By David N. Leff

Far up in the North Atlantic, 250 miles northwest of Scotland's tip, lie the 22 Faeroe Islands - a distant outpost of Denmark - at 62 degrees north latitude. Yet the Faeroes are not as bleak as all that. Washed by warm oceanic currents, they bless their 43,000 inhabitants with mild winters and cool summers.

"Yet some time maybe 50 years ago," recalled research immunologist Andrew Caton, at the Wistar Institute in Philadelphia, "there was an outbreak of multiple sclerosis on the Faeroe Islands, presumably due to a viral infection."

For decades, viruses have been indicted - on circumstantial evidence - as perpetrators of multiple sclerosis (MS). One circumstance: MS is six times as prevalent in Winnipeg (125o N) as in New Orleans (30o N). By the same token, MS is rare between the sun-drenched tropics of Cancer and Capricorn.

"For example," Caton observed, "Streptococcus infection, as well as certain types of viruses, can induce rheumatic heart disease. However," he added, "the mechanisms and processes are not well understood."

A cover story in Monday's twice-monthly Journal of Experimental Medicine, dated Dec. 18, 2000 - of which Caton is senior author - contributes to that understanding. Its title: "Virus-induced maturation and activation of autoreactive memory B cells."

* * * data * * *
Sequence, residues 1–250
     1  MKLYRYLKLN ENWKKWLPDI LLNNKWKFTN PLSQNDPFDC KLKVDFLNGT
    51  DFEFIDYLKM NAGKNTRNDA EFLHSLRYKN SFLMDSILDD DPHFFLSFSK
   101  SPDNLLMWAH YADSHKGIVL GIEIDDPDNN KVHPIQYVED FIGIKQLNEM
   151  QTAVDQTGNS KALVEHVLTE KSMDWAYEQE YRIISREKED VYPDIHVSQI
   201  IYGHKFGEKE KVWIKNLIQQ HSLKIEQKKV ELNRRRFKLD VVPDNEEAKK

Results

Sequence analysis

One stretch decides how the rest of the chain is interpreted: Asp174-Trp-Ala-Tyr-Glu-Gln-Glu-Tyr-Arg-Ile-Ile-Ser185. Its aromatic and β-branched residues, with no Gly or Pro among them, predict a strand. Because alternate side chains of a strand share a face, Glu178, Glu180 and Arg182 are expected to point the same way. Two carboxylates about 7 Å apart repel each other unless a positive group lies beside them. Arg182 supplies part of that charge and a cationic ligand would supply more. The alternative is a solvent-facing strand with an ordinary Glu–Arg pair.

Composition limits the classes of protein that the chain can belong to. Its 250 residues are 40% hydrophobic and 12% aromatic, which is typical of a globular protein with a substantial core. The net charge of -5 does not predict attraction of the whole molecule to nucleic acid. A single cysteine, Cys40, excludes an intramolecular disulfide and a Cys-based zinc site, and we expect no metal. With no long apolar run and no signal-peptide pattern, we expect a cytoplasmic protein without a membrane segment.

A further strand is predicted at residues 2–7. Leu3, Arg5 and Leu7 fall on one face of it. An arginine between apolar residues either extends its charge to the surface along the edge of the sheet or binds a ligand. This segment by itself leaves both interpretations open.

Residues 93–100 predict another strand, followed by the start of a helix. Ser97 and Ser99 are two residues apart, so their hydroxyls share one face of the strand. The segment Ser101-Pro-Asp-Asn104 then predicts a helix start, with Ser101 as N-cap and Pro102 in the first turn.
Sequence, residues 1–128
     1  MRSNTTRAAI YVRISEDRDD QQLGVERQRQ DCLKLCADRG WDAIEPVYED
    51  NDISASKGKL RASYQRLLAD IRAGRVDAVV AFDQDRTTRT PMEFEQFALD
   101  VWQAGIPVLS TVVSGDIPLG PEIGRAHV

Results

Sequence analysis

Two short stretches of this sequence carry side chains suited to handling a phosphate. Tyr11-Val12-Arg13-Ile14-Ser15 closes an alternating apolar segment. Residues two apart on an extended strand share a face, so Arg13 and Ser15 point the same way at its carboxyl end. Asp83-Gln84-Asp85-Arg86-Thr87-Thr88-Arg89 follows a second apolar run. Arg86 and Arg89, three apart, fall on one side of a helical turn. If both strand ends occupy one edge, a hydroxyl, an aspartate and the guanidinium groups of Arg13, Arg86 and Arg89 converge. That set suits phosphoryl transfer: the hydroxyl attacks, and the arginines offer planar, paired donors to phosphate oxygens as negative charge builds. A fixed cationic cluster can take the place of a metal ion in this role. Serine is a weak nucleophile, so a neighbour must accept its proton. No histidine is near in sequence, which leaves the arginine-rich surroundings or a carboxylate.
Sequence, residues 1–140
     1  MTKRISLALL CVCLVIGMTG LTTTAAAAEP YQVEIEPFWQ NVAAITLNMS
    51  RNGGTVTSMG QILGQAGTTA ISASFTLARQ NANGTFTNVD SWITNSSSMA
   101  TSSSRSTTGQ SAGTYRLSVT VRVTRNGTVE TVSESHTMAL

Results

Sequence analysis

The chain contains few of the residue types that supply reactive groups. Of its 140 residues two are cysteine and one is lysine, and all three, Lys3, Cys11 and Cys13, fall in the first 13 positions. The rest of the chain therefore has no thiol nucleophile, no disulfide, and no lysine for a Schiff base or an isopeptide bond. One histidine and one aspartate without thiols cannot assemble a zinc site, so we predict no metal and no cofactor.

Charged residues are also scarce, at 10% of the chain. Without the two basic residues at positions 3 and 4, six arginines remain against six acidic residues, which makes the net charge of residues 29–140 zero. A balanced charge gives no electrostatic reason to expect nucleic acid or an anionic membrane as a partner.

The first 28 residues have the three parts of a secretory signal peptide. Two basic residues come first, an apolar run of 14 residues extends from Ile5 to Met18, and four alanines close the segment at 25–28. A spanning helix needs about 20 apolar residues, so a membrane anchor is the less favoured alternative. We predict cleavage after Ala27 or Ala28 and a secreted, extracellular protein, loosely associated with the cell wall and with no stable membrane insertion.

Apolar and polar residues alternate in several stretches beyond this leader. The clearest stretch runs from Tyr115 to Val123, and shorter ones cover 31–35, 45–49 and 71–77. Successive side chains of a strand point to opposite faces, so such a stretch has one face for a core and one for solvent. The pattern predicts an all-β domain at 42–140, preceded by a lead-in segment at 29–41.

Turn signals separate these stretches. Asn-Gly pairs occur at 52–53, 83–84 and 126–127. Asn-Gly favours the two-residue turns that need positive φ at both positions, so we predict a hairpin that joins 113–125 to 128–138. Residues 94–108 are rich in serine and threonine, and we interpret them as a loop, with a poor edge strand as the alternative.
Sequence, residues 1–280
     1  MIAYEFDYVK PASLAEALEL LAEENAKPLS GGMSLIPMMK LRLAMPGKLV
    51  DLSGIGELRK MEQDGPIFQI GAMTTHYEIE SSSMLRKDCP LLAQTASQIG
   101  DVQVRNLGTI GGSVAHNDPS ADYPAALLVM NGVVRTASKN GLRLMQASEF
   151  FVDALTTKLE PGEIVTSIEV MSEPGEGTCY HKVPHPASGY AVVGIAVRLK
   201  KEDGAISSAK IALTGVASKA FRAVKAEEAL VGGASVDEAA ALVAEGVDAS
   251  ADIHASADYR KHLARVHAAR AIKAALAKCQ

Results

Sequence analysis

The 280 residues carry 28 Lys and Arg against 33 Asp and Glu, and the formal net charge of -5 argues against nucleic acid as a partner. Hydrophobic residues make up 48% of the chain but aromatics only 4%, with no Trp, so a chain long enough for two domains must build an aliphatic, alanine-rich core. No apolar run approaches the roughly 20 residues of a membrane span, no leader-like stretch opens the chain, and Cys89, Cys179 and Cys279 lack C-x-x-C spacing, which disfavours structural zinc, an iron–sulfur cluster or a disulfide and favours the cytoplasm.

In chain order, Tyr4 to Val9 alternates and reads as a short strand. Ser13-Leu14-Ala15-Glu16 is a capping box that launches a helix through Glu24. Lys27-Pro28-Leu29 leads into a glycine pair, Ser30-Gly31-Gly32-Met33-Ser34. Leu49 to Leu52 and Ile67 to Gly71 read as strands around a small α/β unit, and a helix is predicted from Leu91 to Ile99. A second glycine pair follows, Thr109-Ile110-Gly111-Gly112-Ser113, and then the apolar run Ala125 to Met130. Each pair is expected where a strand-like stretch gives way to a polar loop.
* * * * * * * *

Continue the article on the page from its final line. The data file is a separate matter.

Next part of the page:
"What we've shown," Caton told BioWorld Today, "is a way in which viral infections, and other kinds of infections like them, can trigger autoimmunity. The way we've done it is to use an experimental mouse model we've developed.

"One of the difficulties with addressing the autoimmunity question in humans," he explained, "is that it's hard to know what infections they've had, and very hard to look and figure out ways in which the antibodies and T cells that have been induced by the infection can cross-react with their own 'self' proteins. Healthy people," Caton continued, "get rid of all those T cells and B cells that can recognize their own proteins. That forms a tolerance in educating the immune system not to react against self. In autoimmune diseases, it does. Lupus, for example, features the appearance of autoantibodies that react against the body's DNA."

Caton's Basic Game Plan

"When an animal - or you and I - gets an infection, we make antibodies in two ways: During that first week, we make an antibody that plays a role in getting rid of the disease. Then our immune defenses turn to forming long-term memories. But that memory formation has nothing to do with getting rid of the virus. You acquire these memory B cells and memory T cells, and they last your lifetime. That's why if you catch measles, or get a good vaccination against it, you never get it again. The rest of your life you're making antibodies."

Caton and his co-authors created a mouse strain with its own built-in virally induced autoimmune influenza. "What we did," he recounted, "was to take the hemagglutinin (HA) glycoprotein gene from the flu virus and insert it in the mouse genome. Then we bred the mice in a way that segregated those that had this influenza gene in them, from those who did not. We showed a few years ago, that they had done a good job of getting rid of the HA-specific antibodies that are produced in the first week after the infection - the first wave of antibodies.